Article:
Connection through Prayer

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Prayer beyond formalities

Iqbal Nasim asks a question which unnerves me: Would you pray, if Allah didn’t require you to pray? 

The gut wrenching but immediately obvious answer for me is “No”. Probably the biggest indicator of this is how relieved I feel when I get my period: “thank God I get a break from praying now”. Any which way I sort it, I have to admit that I pray because I have to pray. I search for feeling and meaning to make sense of the experience of praying instead of reaching out to prayer in order to receive feeling and meaning. If anything, I have to work really hard to unearth any sense of connection from salah. 

I often pray, even though I don’t really want to pray 

But that begs the question of why … Why do I keep hacking at this practice if I’m progressing so reluctantly through it? The answer comes immediately again: I’m praying out of fear of punishment from Allah. But that seems to be a very surface level answer. Yes, my faith in the realities of the afterlife guide my decisions enough, but the temptation to drop this practice is so great, it should be easy for me to succumb. Allah is merciful isn’t He? He could forgive this weakness couldn’t He?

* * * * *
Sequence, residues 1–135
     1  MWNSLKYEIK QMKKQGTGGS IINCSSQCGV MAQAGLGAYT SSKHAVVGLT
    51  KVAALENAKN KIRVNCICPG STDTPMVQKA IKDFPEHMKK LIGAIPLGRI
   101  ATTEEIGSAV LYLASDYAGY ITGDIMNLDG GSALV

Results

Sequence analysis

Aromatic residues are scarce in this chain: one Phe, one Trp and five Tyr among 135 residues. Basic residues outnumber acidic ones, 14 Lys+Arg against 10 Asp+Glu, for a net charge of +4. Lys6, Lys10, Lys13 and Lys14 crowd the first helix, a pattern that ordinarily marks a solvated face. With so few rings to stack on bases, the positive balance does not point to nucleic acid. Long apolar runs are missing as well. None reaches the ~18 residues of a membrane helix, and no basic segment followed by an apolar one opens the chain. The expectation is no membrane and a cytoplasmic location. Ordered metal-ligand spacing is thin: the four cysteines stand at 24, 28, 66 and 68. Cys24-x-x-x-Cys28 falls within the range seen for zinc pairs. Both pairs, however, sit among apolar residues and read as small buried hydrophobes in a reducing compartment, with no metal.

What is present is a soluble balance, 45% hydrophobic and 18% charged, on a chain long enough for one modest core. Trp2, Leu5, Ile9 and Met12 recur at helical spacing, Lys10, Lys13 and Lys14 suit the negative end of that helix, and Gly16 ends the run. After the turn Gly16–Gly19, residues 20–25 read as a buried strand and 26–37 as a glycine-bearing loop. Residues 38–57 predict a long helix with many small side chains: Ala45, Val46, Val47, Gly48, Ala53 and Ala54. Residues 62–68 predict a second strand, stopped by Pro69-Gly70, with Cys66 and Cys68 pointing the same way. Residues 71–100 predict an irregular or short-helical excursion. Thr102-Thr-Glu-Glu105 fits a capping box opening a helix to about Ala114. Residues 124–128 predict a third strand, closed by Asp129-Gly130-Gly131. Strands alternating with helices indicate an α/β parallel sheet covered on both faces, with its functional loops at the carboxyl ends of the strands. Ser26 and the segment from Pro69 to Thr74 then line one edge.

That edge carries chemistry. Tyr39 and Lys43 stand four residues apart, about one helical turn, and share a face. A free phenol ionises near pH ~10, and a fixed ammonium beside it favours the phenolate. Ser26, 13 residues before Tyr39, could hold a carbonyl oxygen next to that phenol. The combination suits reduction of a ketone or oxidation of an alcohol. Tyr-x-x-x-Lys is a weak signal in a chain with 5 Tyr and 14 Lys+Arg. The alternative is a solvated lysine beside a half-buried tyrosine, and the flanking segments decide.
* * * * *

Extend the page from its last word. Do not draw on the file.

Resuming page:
Well maybe knowing Allah beyond fear is where the answer lies. What’s interesting is that during the podcast, Brother Iqbal said something along the lines of: if you have decided to believe in Allah, and you really are committed to working on your relationship with Allah, your motivation will just fall into place. So that got me thinking, if I’m motivated enough to perform the outward aspects of prayer, but not much beyond that, it must mean that I have the first part, but maybe not the second. I have decided to believe in Allah, and have decided to submit to Him, on the basis of His Power and punishment, but do I really believe in Allah as the Merciful and overwhelmingly Loving? Do I believe in Him as someone I would want to reach out to in weakness and in need? Someone to build a loving relationship with?? 

My prayers would say no

Your Prayer as a Healing

The Messenger of Allah ﷺ said, “The parable of the believers in their affection, mercy, and compassion for each other is that of a body. When any limb aches, the whole body reacts with sleeplessness and fever.”

Ṣaḥīḥ al-Bukhārī 6011